It’s true, at every training and conference these days, there is something about harnessing the energy of social media for your organization. Chances are though, if you are reading this, you are at least dabbling in the virtual world and are perhaps looking for reasons that it may be beneficial to your respective missions.
The following are potential benefits to an organization utilizing donor-centered practices. If done well, social media:
1. Broadens the awareness of your mission and program. Utilizing networks and media tools allows you to share your story with a new group of potential supporters. Tools like Facebook, Twitter, and blogs are great ways to not only highlight the issues your organization addresses, but to inspire others, relay a sense of urgency, and share easy and – most importantly – convenient ways to help. Tools for advocacy, calls to action and event calendars are plentiful.
2. Generates new ideas through online dialogue. Social media allows people to take part in the conversation. In the best case, imagine, a braintrust of online supporters engaged and interested in helping you find new solutions and opportunities for your programs.
3. Enables you to gather information on prospective donors. Social media is about individual brand identity; people are displaying what they want you to know about them and how they want to be seen. By paying attention to profiles, you can identify prospective donors, their interests, their connections and their values.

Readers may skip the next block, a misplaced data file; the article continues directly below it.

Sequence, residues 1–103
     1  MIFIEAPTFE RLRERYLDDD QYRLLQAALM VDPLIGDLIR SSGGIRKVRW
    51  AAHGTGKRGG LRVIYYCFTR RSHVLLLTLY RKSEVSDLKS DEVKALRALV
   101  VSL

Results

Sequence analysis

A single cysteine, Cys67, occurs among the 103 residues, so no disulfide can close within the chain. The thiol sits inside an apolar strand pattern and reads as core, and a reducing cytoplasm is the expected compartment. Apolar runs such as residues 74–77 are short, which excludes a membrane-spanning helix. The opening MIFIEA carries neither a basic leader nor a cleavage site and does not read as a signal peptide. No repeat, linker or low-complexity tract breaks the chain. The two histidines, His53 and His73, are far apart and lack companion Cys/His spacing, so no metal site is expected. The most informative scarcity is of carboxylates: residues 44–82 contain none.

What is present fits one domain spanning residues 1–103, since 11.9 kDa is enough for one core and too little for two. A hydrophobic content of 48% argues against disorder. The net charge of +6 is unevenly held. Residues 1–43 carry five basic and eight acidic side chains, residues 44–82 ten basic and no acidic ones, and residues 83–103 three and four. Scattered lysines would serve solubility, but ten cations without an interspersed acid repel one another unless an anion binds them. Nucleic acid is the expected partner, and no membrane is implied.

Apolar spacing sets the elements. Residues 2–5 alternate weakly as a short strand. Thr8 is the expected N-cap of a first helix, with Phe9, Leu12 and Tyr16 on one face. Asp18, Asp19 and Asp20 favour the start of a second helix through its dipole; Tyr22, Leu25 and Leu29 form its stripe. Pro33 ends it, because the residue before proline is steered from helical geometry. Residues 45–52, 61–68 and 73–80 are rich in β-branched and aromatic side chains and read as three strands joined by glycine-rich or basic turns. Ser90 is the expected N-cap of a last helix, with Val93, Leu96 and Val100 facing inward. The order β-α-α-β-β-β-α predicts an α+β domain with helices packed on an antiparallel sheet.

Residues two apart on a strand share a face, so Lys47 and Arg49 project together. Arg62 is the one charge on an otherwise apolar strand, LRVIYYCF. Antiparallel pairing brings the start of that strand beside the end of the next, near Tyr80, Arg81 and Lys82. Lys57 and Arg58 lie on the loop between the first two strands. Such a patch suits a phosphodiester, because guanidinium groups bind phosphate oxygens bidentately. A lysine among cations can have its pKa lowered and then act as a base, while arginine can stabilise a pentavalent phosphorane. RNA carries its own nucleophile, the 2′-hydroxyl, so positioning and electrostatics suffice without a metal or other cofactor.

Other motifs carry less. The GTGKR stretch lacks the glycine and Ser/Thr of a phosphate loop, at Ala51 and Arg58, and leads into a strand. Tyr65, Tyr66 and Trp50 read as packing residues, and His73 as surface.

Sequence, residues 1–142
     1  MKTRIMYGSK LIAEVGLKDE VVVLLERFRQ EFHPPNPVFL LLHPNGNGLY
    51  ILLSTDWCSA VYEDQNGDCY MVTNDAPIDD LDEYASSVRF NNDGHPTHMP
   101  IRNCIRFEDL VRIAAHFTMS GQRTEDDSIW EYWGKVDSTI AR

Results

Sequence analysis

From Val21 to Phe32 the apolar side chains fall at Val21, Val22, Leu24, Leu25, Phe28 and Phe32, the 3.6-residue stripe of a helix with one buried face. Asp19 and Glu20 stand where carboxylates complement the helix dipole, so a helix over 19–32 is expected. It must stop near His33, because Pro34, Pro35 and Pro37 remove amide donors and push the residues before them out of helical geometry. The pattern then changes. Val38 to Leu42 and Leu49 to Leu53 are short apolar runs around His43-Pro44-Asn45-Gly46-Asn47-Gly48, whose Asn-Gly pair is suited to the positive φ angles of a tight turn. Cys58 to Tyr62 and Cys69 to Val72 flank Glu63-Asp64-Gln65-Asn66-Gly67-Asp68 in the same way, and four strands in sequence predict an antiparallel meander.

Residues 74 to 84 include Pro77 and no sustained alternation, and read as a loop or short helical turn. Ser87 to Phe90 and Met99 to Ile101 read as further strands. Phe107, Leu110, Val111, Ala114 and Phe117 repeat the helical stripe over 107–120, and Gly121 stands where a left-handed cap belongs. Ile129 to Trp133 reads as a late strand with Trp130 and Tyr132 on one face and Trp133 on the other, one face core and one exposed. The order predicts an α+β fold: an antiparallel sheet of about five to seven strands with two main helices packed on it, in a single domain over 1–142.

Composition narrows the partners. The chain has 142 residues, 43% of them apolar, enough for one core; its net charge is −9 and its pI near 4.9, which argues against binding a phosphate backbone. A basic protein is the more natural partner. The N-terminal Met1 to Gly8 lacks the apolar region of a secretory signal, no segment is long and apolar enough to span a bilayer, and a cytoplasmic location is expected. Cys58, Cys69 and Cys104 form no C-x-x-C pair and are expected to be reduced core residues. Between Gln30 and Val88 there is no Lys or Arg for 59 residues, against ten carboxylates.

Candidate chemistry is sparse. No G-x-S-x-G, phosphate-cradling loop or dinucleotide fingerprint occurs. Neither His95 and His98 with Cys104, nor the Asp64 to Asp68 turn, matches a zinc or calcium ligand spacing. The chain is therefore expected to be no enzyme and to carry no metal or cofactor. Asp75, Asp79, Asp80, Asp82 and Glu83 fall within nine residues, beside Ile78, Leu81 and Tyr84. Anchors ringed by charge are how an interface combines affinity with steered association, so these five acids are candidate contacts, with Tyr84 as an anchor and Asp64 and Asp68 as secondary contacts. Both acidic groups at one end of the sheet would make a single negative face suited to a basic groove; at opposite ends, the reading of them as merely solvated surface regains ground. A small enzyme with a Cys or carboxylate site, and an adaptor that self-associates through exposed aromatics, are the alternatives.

4. Increases collaboration and involvement in your organization. Media tools help to create and promote advocates for your cause. By being strategic and thoughtful in what you offer, you can make it easy for people to get involved and to give – this is key to online participation. Additionally, it offers free and easy ways to help manage meetings and volunteer engagement. Instead of calling 20 people to determine the best time for a meeting – create a poll. Instead of passing one document through four people collecting conflicting edits – utilize group editing, etc.
5. Influences giving. Notice the word “influence”, rather than “increases” or “raises funds”. What social media is not, is a cash cow. It won’t directly raise money for you, but it will give you the tools to support your ongoing fundraising efforts. The beauty of social media is that it disperses the responsibility of asking through the leverage of networks. The tried and true method of people giving to people hasn’t changed, even online. Social media allows your supporters to share their interest in your mission with others and, should they be so inclined, ask their friends to join them in supporting your organization.
What do you think? Are there additional benefits? Do you have a story of how your organization accomplished one of the top five? We would love to hear about it.
Also, be on the lookout next week for The Collins Group e-news article by Jim Hopper discussing the cautions of utilizing social media. If you’d like to be added to our eNews mailing list, feel free to email us at firstname.lastname@example.org.
Like this post? Why not share it?Tweet